I speak as someone who enjoys nearly everything, mind you, from the novelty of sipping in-flight tomato juice to the thrill of meeting the passenger in the next seat. But even I (a half-wit, apparently) found last Tuesday’s flight to Portugal less than easy going.
We cut it close; my traveling companion, Matthew, was late to meet me and the result was the sort of last-minute dash that’s both exhilarating and draining. I was allowed in an accelerated line for irresponsible travelers but found myself behind a man who not only seemed in no hurry but had to remove three pieces of heavy jewelry, one at a time, each time the metal detector went off. He did so with an infuriatingly sanguine smile. I hated and envied him. Passengers were boarding when I sprinted up, some ways ahead of Matthew. The gate, C71, and the plane were absolutely crammed with some forty assorted kids, ranging in age from about eleven to fifteen. One of their chaperones, a hearty lady in a tracksuit, explained to me they were on their way from Indiana to an international cheerleading competition three hours outside of Lisbon. When I arrived at 29A (aisle) I discovered the middle seat, intended for my traveling companion, was occupied by a tween of some thirteen years. She and her friend regarded me with terrified bravado. “If you’re sitting here,” one of them said quickly, “you should know that we have to sit together. We’re roommates.”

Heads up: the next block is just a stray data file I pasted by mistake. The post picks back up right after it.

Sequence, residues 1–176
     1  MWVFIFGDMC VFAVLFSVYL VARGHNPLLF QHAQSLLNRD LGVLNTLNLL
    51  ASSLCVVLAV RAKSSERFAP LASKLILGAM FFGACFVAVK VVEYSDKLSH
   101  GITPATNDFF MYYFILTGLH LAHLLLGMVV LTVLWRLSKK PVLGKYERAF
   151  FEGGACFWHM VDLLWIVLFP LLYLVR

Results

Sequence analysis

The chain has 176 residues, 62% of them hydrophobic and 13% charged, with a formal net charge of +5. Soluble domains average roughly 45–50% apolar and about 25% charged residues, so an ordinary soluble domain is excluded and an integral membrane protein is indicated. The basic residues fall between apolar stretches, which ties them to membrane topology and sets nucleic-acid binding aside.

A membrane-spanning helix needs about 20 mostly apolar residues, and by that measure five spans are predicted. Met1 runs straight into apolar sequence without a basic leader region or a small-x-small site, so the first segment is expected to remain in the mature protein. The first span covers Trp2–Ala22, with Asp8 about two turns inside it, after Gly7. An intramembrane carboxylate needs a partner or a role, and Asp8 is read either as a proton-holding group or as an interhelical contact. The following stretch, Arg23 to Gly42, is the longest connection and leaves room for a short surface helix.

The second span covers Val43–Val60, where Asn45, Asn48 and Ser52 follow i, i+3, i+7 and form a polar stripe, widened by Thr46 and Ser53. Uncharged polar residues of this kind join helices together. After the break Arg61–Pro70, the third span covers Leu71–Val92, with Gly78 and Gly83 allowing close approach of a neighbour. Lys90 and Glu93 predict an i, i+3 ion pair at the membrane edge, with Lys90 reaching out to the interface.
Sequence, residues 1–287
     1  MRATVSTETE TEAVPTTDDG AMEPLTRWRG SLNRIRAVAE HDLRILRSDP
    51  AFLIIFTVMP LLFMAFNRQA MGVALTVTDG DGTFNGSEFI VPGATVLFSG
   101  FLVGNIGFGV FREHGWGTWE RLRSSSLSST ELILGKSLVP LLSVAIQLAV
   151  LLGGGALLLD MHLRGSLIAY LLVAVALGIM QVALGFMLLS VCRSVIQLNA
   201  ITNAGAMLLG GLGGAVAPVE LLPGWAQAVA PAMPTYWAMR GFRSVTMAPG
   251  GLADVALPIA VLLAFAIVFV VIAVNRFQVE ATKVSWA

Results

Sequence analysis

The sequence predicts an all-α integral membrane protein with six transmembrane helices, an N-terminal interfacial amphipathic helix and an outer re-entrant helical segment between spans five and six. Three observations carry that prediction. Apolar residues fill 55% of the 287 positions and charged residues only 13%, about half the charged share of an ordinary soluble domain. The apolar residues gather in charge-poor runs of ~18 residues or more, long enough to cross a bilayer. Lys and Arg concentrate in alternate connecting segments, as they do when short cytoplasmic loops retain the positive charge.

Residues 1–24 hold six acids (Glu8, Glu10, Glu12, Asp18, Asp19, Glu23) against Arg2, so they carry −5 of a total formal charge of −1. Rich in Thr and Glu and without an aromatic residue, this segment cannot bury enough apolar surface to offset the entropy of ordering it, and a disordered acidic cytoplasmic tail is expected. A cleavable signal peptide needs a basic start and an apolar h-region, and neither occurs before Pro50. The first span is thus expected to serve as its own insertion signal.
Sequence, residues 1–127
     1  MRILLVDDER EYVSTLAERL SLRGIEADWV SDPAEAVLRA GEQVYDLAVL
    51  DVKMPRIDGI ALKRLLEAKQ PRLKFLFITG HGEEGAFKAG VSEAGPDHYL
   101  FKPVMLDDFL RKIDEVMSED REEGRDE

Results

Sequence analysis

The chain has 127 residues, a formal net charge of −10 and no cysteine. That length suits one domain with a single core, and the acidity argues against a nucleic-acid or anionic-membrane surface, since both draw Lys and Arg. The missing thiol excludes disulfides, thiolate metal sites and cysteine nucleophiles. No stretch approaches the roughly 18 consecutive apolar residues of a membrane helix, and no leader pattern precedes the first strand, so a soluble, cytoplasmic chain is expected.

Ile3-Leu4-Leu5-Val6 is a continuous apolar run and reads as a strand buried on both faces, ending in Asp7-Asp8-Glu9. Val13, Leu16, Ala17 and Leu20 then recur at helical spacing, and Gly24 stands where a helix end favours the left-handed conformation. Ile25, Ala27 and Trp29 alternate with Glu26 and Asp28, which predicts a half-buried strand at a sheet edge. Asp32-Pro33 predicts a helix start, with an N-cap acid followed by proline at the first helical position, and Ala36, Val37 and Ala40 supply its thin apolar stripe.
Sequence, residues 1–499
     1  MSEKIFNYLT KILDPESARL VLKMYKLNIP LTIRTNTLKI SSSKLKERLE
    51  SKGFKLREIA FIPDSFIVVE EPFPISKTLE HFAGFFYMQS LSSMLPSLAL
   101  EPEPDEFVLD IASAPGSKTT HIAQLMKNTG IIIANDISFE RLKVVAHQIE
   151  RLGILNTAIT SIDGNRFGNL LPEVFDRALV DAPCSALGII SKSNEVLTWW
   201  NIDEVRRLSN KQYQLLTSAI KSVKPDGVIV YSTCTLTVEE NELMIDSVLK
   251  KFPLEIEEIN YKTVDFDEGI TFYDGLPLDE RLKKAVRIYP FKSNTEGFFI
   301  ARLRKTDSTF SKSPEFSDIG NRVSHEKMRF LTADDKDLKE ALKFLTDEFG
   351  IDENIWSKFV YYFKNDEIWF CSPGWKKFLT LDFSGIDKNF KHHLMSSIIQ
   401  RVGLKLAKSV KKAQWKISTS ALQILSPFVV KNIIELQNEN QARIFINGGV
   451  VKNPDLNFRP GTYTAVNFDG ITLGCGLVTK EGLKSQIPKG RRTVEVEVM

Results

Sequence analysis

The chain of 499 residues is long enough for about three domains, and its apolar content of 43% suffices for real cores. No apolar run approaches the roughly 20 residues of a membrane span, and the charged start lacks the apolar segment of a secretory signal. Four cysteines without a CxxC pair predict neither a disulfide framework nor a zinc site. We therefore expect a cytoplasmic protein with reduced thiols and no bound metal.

December 11, 2012 | by Evan James
In the aisle of the Boeing 737 sardine tin, a wild-eyed, whiskered man—late twenties—held up the smooth flow of Seattle-bound passengers with frantic attempts to stow his carry-on. The impedimenta in question seemed to yours truly a destination-appropriate one: secured to his bulging backpack with yards of duct tape, a skateboard jutted. As he stooped to unwrap the thing, provoking more than a few pursed lips from the jammed queue, he bickered with the flight attendant.
“Can’t I just keep it in my lap?”
“If you can’t fit it in the overhead compartment, you’ll have to check it plane-side.”